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Breaking The Da Vinci Code
So the divine Jesus and infallible Word emerged out of a fourth-century power-play? Get real.
I guess Christians should be flattered. Who knew the Council of Nicea and Mary Magdalene could be this hot? Thanks in large measure to Dan Brown's fictional thriller The DaVinci Code, early church history just can't stay out of the news.
If only a more worthy work could have prompted such attention. Brown first grabbed the headlines and prime-time TV in 2003 with his theory that Jesus married Mary Magdalene. But The DaVinci Code contains many more (equally dubious) claims about Christianity's historic origins and theological development. It's left to the reader whether these theories belong to Brown's imagination or the skeleton of "facts" that supports the book.
Brown claims "almost everything our fathers taught us about Christ is false." Why? Because of a single meeting of bishops in 325, at the city of Nicea in modern-day Turkey. There, Brown argues, church leaders who wanted to consolidate their power base (he calls this, anachronistically, "the Vatican," or "the Roman Catholic church") created a divine Christ and an infallible Scripture—both novelties that had never before existed among Christians.
Watershed at Nicea
Brown is right about one thing (and not much more). In the course of Christian history, few events loom larger than the Council of Nicea in 325. When the newly converted Roman Emperor Constantine called bishops from around the world to present-day Turkey, the church had reached a theological crossroads.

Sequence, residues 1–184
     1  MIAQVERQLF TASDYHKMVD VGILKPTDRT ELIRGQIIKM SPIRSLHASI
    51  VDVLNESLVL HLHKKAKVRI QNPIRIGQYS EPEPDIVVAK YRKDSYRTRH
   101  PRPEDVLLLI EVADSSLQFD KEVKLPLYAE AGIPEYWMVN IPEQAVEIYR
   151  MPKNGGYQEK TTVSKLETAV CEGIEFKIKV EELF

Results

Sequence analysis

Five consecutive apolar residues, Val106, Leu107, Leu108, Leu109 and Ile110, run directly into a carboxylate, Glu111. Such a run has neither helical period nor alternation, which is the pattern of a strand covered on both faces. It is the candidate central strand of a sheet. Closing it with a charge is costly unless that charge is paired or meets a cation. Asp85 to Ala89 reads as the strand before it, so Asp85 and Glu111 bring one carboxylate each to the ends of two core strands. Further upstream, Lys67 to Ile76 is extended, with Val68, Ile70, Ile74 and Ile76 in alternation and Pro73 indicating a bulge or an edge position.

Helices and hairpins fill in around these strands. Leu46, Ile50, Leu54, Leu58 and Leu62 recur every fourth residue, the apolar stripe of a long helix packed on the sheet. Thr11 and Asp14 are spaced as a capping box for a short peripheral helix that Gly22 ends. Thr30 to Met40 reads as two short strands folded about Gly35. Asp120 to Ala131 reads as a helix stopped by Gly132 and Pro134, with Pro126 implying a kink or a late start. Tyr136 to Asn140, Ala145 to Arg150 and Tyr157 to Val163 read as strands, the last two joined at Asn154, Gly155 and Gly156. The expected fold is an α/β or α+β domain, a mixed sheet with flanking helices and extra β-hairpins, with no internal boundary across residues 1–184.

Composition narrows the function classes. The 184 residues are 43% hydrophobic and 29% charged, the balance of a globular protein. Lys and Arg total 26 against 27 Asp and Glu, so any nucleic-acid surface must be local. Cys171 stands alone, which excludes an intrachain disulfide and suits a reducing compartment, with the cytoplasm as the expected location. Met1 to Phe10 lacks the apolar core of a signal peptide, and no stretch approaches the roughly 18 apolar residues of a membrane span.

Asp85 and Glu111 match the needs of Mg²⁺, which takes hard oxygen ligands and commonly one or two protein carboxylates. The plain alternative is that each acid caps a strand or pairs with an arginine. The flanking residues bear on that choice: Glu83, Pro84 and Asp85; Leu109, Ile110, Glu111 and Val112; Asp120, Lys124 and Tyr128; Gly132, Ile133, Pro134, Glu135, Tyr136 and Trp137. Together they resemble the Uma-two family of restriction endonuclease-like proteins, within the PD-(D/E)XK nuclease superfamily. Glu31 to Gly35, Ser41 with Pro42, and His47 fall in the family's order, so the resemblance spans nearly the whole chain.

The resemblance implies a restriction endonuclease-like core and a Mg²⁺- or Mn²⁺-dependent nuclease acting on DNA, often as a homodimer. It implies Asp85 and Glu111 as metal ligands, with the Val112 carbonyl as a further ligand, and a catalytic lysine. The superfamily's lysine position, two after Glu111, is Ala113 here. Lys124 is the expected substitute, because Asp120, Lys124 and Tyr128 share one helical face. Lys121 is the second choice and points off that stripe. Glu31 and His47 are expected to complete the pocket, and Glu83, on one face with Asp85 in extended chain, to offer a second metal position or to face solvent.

Led by an Alexandrian theologian named Arius, one school of thought argued that Jesus had undoubtedly been a remarkable leader, but he was not God in flesh. Arius proved an expert logician and master of extracting biblical proof texts that seemingly illustrated differences between Jesus and God, such as John 14:28: "the Father is greater than I." In essence, Arius argued that Jesus of Nazareth could not possibly share God the Father's unique divinity.
In The Da Vinci Code, Brown apparently adopts Arius as his representative for all pre-Nicene Christianity. Referring to the Council of Nicea, Brown claims that "until that moment in history, Jesus was viewed by His followers as a mortal prophet … a great and powerful man, but a man nonetheless."
In reality, early Christians overwhelmingly worshipped Jesus Christ as their risen Savior and Lord. Before the church adopted comprehensive doctrinal creeds, early Christian leaders developed a set of instructional summaries of belief, termed the "Rule" or "Canon" of Faith, which affirmed this truth. To take one example, the canon of prominent second-century bishop Irenaeus took its cue from 1 Corinthians 8:6: "Yet for us there is but one God, the Father, from whom all things came and for whom we live; and there is but one Lord, Jesus Christ."
The term used here—Lord, Kyrios—deserves a bit more attention. Kyrios was used by the Greeks to denote divinity (though sometimes also, it is true, as a simple honorific). In the Greek translation of the Old Testament (the Septuagint, pre-dating Christ), this term became the preferred substitution for "Jahweh," the holy name of God. The Romans also used it to denote the divinity of their emperor, and the first-century Jewish writer Josephus tells us that the Jews refused to use it of the emperor for precisely this reason: only God himself was kyrios.
The Christians took over this usage of kyrios and applied it to Jesus, from the earliest days of the church. They did so not only in Scripture itself (which Brown argues was doctored after Nicea), but in the earliest extra-canonical Christian book, the Didache, which scholars agree was written no later than the late 100s. In this book, the earliest Aramaic-speaking Christians refer to Jesus as Lord.
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